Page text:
So what do you consider a common cliche in Nollywood movies? Check out four clichés that probably won't ever go away.
There is no doubt that there is bound to be something in a feature film that has been seen over and over. But, that doesn't take away ones right to grow weary of clichés that are of no importance to a movie's plot.
Check out four clichés that probably won't ever go away;
We get it, he/she is from the village and isn't familiar with the 'modern' world, but that shouldn't transcend to 'foolishness.'
Ever seen a Nollywood movie and you find yourself confused about the mental state of a character, and then you realize he/she is simply uneducated or unenlightened, and not mentally ill?
Seen in: "Dumebi the Dirty Girl," "Ghana Must Go."
If there's one rule in most comedy movies, it's that a maid, driver or Gateman (who is mostly portrayed to be the Northern part of the country) is naturally funny.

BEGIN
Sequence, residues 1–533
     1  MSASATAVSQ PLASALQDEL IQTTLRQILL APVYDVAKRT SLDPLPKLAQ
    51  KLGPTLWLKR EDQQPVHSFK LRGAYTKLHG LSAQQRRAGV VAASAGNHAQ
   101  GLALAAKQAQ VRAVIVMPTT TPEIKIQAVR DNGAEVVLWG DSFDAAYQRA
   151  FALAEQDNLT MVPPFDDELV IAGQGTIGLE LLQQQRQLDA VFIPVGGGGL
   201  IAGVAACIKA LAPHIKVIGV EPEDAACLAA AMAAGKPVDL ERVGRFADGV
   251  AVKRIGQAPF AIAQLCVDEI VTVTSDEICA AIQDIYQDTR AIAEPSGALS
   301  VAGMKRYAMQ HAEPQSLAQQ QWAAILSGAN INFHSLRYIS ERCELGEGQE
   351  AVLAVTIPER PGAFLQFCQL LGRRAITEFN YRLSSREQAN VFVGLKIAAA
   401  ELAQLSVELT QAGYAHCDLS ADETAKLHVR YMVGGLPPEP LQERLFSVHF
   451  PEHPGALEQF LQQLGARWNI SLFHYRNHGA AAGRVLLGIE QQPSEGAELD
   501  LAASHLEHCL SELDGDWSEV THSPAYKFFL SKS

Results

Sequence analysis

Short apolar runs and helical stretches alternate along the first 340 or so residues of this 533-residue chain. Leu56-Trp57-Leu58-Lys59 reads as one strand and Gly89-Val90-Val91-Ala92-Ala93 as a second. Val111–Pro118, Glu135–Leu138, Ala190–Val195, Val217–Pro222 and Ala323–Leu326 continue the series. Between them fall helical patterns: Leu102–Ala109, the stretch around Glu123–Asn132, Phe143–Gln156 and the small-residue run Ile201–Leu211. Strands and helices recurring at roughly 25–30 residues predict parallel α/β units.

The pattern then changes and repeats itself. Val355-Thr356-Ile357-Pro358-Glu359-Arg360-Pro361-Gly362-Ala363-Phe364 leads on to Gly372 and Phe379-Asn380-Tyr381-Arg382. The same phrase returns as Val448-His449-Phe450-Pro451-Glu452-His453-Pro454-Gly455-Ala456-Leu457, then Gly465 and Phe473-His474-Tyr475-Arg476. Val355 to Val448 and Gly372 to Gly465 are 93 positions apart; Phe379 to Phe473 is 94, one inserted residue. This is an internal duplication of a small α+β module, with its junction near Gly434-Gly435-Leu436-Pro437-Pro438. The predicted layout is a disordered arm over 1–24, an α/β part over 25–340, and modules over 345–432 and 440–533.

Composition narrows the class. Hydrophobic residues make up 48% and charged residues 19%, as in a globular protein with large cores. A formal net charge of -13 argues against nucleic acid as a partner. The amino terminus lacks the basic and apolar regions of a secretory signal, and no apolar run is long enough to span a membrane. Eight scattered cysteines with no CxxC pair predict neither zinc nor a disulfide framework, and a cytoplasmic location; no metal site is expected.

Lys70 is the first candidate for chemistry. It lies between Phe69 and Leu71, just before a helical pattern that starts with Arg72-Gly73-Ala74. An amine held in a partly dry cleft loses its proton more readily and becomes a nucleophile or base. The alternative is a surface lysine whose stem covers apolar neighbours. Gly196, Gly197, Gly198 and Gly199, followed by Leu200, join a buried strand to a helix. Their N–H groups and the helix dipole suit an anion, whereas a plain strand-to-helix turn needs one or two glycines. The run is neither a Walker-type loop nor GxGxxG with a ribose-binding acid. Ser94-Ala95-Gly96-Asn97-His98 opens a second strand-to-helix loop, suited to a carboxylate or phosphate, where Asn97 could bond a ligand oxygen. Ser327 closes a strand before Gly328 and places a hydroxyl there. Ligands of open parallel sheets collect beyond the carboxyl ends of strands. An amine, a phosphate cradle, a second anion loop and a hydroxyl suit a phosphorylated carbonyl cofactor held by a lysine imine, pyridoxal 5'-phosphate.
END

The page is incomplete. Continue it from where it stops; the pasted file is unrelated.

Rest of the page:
It's vital in these movies for the above-mentioned to be often stupid in order to appear funny. They are not allowed to act smart or deliver smart but funny lines.
Seen in: "In the Cupboard," "House of Gold," "Skinny Girl in Transit" and "The Wedding Party."
You'd think that in the 21st century, a woman's pregnancy would be introduced in any way but a vomiting scene. We thought so too, until we saw "Fifty."
It was heartbreaking when Omoni Oboli as Maria was hit with her first bout of morning sickness; introducing her pregnancy to the viewers.
Seen in: "Fifty."
Ever seen a Nollyood movie on Africa Magic Epic where the wicked uncle in the village goes free after all his wrongdoings? We bet you haven't.
He has to confess, cough out loud, apologize and then pass away. While movies don't have to be akin to real life, the dramatic death of a wicked relative is overused and a tad unrealistic.
Seen in: Virtually every movie on Africa Magic Epic